Merton is one of London’s quieter boroughs, despite the two biggest parties fighting close battles for control over it for many years. Perhaps that is why the council’s recent approval of three estate demolition and rebuild schemes has at least appeared to have been granted without any conspicuous protests being raised.
The estates in question are Eastfields and Ravensbury in Mitcham and High Path in Wimbledon, all owned by housing association Clarion. Together they presently comprise around 1,250 dwellings, which are to be replaced by around 2,800 new ones plus retail, leisure, office, work and community space.
Clarion’s website says that “crucially” all current residents will be rehoused “in homes of of an appropriate size, dealing with existing overcrowding” and that this will include 200 for current resident homeowners “at no additional cost on a full freehold or leasehold basis” – an unusually good deal. Clarion also says the £1bn redevelopment will produce hundreds of construction jobs a year, plus training and apprenticeship opportunities.
How did these proposals come to be passed with apparently so little conflict? Well, some people on Twitter and in subsequent correspondence have insisted that appearances are deceptive in this case. They have claimed that consultation procedures have not been as satisfactory as Clarion and the council say and that the views of some residents at least have been ignored, including by councillors who represent them.
Certainly there have been expressions of unhappiness from people who live on the Ravensbury, which the Clarion site tells us comprises 192 houses and flats built in the 1950s. A You Tube clip brought to my attention, published three years ago, shows a meeting that took place between members of the estate’s residents’ association and Mitcham & Morden MP Siobhain McDonagh. Have a watch. Whatever the rights and wrongs of the issues being discussed, the atmosphere is not harmonious.
It’s still interesting to me that I couldn’t quickly find local media reporting unhappiness about the three Merton schemes or politicised campaigning web content about them, as is common in other parts of the city. In the latter case, perhaps that is partly because the regenerations are not to be of properties owned by the council (although they were until the stock was transferred to housing association control eight years ago, following the necessary vote) meaning it’s too late to make the “privatisation” objection. The very fact of their being in low-profile Merton might have something to do with it too.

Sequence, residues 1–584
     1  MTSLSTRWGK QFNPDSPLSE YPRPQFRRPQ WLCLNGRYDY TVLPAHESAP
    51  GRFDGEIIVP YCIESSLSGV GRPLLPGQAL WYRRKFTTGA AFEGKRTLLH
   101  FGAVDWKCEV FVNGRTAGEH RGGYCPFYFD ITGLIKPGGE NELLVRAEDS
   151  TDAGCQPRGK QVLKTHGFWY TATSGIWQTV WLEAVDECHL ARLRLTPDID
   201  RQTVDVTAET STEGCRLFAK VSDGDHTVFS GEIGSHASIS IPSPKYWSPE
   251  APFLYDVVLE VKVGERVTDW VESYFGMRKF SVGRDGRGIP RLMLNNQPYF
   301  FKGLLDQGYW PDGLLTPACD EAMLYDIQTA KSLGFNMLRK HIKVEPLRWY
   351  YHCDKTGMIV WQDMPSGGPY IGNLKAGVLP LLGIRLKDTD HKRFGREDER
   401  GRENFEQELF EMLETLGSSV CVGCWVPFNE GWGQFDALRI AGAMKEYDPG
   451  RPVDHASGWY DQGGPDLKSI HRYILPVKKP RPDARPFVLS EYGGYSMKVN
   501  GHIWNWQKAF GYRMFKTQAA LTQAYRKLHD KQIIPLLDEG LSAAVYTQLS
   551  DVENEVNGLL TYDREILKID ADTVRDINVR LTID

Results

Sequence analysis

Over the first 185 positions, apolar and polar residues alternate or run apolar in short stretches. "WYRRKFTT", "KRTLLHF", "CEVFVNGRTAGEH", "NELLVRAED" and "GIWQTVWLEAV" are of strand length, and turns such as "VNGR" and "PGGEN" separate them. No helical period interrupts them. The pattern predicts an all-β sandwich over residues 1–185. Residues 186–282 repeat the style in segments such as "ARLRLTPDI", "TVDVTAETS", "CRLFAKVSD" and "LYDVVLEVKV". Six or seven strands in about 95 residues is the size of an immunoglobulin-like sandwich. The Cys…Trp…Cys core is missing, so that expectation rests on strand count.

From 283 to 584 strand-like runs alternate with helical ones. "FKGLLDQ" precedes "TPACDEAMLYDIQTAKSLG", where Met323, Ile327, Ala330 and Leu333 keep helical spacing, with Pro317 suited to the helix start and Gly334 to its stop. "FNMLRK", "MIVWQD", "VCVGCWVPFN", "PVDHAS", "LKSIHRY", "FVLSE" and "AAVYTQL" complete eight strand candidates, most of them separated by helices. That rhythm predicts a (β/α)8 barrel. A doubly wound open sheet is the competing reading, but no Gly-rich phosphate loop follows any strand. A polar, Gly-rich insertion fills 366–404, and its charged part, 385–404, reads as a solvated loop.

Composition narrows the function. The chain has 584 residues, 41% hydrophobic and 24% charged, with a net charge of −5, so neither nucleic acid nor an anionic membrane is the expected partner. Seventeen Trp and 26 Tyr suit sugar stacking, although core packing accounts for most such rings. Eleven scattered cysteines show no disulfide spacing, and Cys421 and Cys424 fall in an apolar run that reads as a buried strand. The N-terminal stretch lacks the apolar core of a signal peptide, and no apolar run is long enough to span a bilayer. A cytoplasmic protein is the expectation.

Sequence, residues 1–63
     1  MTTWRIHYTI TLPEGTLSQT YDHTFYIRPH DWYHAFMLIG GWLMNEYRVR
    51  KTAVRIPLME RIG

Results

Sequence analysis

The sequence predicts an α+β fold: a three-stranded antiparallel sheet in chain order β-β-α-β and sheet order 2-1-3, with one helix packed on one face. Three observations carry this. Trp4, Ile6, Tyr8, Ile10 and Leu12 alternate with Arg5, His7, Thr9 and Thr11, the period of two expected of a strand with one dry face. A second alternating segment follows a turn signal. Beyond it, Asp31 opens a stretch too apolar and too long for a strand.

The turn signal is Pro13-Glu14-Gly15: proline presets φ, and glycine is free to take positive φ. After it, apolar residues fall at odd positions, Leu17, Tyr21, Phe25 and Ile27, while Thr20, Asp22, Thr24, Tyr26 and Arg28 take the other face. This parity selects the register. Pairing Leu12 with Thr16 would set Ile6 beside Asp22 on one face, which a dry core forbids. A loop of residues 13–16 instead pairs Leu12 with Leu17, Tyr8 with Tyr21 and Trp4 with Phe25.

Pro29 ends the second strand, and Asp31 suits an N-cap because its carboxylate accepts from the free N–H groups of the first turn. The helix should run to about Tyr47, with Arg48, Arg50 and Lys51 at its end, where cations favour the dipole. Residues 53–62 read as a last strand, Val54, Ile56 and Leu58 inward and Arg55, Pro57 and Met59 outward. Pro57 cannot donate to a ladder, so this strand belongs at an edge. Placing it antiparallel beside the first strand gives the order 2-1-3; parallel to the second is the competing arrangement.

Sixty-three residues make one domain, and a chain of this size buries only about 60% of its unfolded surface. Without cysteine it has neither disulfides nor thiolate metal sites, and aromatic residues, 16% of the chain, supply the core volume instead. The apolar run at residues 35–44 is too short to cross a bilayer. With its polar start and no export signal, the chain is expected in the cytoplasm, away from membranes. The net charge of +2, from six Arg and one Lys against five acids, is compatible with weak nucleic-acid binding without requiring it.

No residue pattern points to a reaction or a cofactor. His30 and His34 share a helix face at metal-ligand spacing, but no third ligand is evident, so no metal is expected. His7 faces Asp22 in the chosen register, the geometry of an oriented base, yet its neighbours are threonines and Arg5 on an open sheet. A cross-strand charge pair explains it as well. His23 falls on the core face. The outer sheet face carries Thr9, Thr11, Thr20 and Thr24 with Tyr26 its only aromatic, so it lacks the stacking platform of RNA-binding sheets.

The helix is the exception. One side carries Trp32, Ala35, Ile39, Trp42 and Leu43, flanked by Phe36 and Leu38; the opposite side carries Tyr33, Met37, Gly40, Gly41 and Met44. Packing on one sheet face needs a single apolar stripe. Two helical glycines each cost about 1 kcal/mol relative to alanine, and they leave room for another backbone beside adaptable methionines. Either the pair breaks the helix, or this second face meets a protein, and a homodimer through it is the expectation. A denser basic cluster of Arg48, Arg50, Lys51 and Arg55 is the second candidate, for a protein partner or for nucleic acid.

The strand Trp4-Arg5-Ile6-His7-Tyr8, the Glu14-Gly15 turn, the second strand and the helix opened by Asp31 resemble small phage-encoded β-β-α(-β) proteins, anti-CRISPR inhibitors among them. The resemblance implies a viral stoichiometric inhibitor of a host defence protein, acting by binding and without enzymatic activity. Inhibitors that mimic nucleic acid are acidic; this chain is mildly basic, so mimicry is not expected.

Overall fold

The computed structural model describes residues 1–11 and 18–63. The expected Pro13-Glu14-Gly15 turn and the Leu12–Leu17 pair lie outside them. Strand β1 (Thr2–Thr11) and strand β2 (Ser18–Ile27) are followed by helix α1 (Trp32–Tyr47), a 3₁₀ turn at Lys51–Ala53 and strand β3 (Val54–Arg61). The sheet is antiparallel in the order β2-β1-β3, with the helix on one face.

Both Clarion and Merton draw particular attention to consultations of residents about all three schemes, a process they date from the summer of 2013. Recent consultation documents regarding Eastfields are on Merton council’s website here, regarding Ravensbury here, and regarding High Path here.
An analysis of the results for an Eastfields consultation conducted in February and March 2016 is here. The estate contains 465 dwellings. The consultation produced 73 responses from people living within Eastfields. The graph below illustrates what those responses were: 50 were for “entire redevelopment” of the estate, two favoured a “partial redevelopment option” and 17 wanted the refurbishment of the existing properties.
An analysis of the results for Ravensbury consultation for the same period – February and part of March 2016 – is here. In this case, there is an illustrative graph only for “all respondents”, a group which includes local businesses and others (perhaps because the estate is a small one). In the document’s own words, this shows that there is “little appetite for regeneration of the estate”.
And thirdly to the 608-dwelling High Path estate consultation analysis, for the same period as the other two estates. It is here. In its case a graph illustrating the views of estate residents only shows that 41 respondents favoured “entire redevelopment”, 24 preferred “partial redevelopment”, and another 24 went for refurbishment only.
These were Stage 2 consultations, conducted by the council. There’s been a subsequent Stage 3 consultation phase, which was conducted by Clarion. And, as ever, there are many further dimensions to this whole story. Looking into those is for another day.
Small closing fact: Sadiq Khan provided Clarion with £15m from his 2016-21 investment programme for its Merton projects. If you were wondering where that warmly-welcomed £3.15bn has been going, there’s part of your answer.
This piece was last updated on 24 March 2018.